|Publication number||US7761010 B2|
|Application number||US 12/177,681|
|Publication date||Jul 20, 2010|
|Filing date||Jul 22, 2008|
|Priority date||Nov 27, 2002|
|Also published as||US7908038, US20040102874, US20070073447, US20080298810|
|Publication number||12177681, 177681, US 7761010 B2, US 7761010B2, US-B2-7761010, US7761010 B2, US7761010B2|
|Inventors||Philip S. Crosby, Alejandro E. Icaza|
|Original Assignee||Crosby Philip S, Icaza Alejandro E|
|Export Citation||BiBTeX, EndNote, RefMan|
|Patent Citations (9), Non-Patent Citations (39), Referenced by (5), Classifications (6), Legal Events (4)|
|External Links: USPTO, USPTO Assignment, Espacenet|
1. Field of the Invention
The present invention relates generally to computer-based industrial control systems, such as microprocessor control of analog and digital functionality, and more particularly relates to methods and apparatus for calibrating, monitoring, and controlling optical transponders.
2. Background Information
With advances in integrated circuit, microprocessor, networking and communication technologies, an increasing number of devices, in particular, digital computing devices, are being networked together. Such devices are often first coupled to a local area network, such as an Ethernet-based office/home network. In turn, the local area networks are interconnected together through wide area networks, such as Synchronous Optical Networks (SONET), Asynchronous Transfer Mode (ATM) networks, Frame Relays, and the like. Of particular importance is the TCP/IP based global inter-network, the Internet. The rapid growth of the Internet has fueled a convergence of data communication (datacom) and telecommunication (telecom) protocols and requirements. It is increasingly important that data traffic be carried efficiently across local, regional and wide area networks.
As a result of this trend of increased connectivity, an increasing number of applications that are network dependent are being deployed. Examples of these network dependent applications include, but are not limited to, the World Wide Web, email, Internet-based telephony, and various types of e-commerce and enterprise applications. The success of many content/service providers as well as commerce sites depends on high-speed delivery of a large volume of data across wide-areas. In turn, this trend leads to an increased demand for high-speed data trafficking equipment, such as high-speed optical-electrical routers or switches and the like. In other words, as a widening variety of new and traditional services converge across shared inter-networking transport structures, there is a critical need for the Internet to simultaneously deliver higher bandwidths, more reliable service, and greater deployment flexibility.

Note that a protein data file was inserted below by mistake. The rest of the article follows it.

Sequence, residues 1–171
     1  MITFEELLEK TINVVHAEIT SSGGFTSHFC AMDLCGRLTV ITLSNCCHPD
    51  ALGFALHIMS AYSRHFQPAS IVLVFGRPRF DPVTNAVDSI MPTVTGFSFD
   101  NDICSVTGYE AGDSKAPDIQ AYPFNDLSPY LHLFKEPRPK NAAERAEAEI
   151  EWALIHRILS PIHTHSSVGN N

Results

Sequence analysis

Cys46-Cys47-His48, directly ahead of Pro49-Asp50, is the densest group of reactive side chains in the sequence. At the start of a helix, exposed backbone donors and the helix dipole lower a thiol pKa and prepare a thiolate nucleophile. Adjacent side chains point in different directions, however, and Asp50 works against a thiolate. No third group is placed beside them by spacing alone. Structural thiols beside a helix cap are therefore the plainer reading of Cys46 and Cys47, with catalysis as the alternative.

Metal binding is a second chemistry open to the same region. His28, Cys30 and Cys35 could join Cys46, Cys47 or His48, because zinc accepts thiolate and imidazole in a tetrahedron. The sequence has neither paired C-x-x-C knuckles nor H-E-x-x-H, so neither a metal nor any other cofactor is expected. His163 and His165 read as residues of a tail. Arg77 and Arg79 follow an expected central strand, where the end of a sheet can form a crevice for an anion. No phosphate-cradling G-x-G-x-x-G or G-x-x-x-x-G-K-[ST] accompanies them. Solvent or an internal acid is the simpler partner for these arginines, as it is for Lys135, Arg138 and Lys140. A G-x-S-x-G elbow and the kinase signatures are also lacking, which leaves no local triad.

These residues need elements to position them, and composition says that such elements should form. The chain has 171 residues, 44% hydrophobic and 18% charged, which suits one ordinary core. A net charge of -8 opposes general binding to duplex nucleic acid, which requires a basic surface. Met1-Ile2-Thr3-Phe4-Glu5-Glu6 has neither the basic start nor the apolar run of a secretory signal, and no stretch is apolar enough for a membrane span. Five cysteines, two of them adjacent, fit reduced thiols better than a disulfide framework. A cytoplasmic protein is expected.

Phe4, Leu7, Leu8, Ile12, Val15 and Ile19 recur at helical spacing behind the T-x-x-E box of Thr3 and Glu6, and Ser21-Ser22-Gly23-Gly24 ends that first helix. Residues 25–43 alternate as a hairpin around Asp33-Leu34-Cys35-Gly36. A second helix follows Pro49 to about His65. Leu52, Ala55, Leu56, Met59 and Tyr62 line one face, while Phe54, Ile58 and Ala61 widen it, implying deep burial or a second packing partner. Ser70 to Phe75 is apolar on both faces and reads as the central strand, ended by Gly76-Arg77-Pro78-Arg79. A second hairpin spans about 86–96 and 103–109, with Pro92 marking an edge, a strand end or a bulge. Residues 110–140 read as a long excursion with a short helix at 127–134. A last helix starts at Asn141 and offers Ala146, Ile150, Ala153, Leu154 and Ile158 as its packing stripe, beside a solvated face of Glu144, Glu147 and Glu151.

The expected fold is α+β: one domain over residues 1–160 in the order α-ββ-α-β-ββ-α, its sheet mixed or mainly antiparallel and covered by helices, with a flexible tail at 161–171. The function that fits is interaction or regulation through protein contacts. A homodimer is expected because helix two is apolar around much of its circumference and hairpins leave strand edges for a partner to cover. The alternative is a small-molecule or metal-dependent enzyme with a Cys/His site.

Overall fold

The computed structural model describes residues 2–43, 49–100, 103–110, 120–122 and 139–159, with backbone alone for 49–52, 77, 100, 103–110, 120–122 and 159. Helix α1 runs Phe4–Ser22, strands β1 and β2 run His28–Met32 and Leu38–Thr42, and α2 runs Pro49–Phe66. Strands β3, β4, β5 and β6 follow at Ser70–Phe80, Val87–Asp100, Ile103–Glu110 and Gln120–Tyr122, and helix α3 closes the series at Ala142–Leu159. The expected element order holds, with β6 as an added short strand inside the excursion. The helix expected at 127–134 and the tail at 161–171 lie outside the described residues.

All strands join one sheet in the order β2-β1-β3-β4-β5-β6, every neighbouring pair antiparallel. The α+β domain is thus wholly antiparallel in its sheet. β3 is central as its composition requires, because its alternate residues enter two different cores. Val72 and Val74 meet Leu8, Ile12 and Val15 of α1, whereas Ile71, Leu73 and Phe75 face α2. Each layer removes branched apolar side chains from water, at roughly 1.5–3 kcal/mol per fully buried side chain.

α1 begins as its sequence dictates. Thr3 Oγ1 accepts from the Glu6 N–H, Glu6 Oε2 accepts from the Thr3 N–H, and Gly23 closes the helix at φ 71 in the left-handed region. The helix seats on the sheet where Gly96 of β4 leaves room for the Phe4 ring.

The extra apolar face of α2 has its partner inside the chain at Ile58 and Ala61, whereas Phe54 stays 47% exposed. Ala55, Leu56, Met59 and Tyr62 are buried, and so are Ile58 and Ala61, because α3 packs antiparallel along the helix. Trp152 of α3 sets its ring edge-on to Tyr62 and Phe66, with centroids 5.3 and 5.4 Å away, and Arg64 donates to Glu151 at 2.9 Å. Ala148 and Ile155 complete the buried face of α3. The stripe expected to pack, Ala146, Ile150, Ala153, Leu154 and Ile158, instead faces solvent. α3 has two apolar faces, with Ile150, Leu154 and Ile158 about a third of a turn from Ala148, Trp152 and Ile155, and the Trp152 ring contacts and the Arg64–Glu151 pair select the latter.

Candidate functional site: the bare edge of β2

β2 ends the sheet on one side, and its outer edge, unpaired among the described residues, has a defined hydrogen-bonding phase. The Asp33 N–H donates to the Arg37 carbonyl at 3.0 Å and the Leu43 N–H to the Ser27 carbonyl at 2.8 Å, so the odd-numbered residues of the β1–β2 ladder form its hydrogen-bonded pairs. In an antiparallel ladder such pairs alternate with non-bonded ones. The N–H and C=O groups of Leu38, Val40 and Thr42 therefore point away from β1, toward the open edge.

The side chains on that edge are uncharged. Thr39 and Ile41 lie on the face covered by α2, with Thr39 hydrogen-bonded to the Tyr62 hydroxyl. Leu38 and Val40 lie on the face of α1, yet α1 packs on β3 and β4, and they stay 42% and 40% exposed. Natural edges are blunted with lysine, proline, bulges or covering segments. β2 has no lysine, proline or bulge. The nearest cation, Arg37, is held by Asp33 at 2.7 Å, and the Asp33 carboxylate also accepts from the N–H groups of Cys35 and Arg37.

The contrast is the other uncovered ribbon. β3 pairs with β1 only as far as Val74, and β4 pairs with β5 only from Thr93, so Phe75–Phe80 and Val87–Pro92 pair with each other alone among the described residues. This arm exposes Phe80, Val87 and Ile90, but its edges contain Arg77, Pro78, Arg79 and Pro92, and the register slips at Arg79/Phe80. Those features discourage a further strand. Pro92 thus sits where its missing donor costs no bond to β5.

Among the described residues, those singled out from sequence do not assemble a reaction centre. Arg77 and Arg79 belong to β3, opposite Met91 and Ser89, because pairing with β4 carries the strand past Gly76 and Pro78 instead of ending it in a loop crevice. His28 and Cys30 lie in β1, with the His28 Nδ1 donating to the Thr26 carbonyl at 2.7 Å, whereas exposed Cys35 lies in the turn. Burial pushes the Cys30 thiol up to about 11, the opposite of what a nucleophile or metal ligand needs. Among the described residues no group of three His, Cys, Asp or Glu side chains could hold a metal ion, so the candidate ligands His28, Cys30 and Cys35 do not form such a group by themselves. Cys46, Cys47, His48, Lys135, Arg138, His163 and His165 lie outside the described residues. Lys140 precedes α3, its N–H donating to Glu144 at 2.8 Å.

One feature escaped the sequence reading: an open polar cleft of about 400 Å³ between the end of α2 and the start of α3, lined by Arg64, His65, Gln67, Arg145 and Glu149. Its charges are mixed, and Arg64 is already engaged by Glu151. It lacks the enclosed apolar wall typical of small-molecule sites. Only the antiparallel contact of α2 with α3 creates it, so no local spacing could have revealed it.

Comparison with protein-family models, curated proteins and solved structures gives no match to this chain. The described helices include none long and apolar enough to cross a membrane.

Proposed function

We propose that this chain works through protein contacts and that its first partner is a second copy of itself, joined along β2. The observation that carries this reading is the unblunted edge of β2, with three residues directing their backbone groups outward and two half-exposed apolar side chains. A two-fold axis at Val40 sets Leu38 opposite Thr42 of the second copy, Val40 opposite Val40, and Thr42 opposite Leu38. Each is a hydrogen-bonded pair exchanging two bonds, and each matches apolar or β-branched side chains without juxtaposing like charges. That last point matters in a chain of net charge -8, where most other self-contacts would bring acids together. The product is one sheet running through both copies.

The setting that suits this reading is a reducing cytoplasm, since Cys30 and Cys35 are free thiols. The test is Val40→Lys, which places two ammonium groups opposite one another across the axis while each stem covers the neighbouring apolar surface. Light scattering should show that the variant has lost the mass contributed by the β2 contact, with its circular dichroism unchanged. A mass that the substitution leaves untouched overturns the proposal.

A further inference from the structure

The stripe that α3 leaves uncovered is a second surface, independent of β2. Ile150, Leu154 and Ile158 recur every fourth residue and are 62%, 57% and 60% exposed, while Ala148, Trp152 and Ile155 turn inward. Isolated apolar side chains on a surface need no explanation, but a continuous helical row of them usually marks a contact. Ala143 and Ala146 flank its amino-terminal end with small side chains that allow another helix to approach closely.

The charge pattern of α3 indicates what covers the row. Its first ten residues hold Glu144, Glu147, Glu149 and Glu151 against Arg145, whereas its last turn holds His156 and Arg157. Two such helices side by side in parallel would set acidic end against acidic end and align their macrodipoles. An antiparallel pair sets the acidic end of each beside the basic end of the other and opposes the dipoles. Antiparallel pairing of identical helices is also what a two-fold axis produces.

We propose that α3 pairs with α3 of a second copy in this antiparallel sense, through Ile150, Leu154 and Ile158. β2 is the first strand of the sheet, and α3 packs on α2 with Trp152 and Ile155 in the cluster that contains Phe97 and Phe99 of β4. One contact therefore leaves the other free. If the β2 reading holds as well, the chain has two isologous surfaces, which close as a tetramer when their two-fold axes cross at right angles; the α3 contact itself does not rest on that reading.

The widespread deployment of high-speed networking and communications equipment has produced a large demand for various types of networking and communications components and subsystems. Included among these are modules often referred to as optical transponders.
Optical transponders typically include components for both electrical signal processing, and components for transmission and reception of optical signals. Conventional optical transponders typically receive electrical signals in parallel, serialize the data represented by these signals, convert the serialized data into a light-based signal and couple that signal to an outbound optical fiber. Similarly, conventional optical transponders, typically receive a serialized light-based data stream, convert that data stream to an electrical equivalent, de-serialize that data, and provide the de-serialized electrical data, i.e., data in a parallel format, to a plurality of output terminals. Conventional optical transponders typically include a case, or housing, within which the electrical and optical components are housed. Such a case provides physical protection for the components, and also provides thermal conductivity so that heat may be dissipated from the components disposed within the case.
Examples of the present invention are illustrated in the accompanying drawings. The accompanying drawings, however, do not limit the scope of the present invention. Similar references in the drawings indicate similar elements.
Embodiments of the present invention calibrate, monitor, and control the components disposed within the case of an optical transponder module. For example, in one embodiment, a microcontroller inside an optical transponder provides an interface between the optical transponder and an external system to calibrate, monitor, and control the components of the optical transponder in an efficient and cost-effective manner. Some embodiments of the present invention calibrate, monitor, and control the optical transponder with a protective housing for the internal components of the optical transponder in place.
In the following description, various aspects of the present invention will be described. However, it will be apparent to those skilled in the art that the present invention may be practiced with only some or all aspects of the present invention. For purposes of explanation, specific numbers, materials and configurations are set forth in order to provide a thorough understanding of the present invention. However, it will also be apparent to one skilled in the art that the present invention may be practiced without the specific details. In other instances, well-known features are omitted or simplified in order not to obscure the present invention.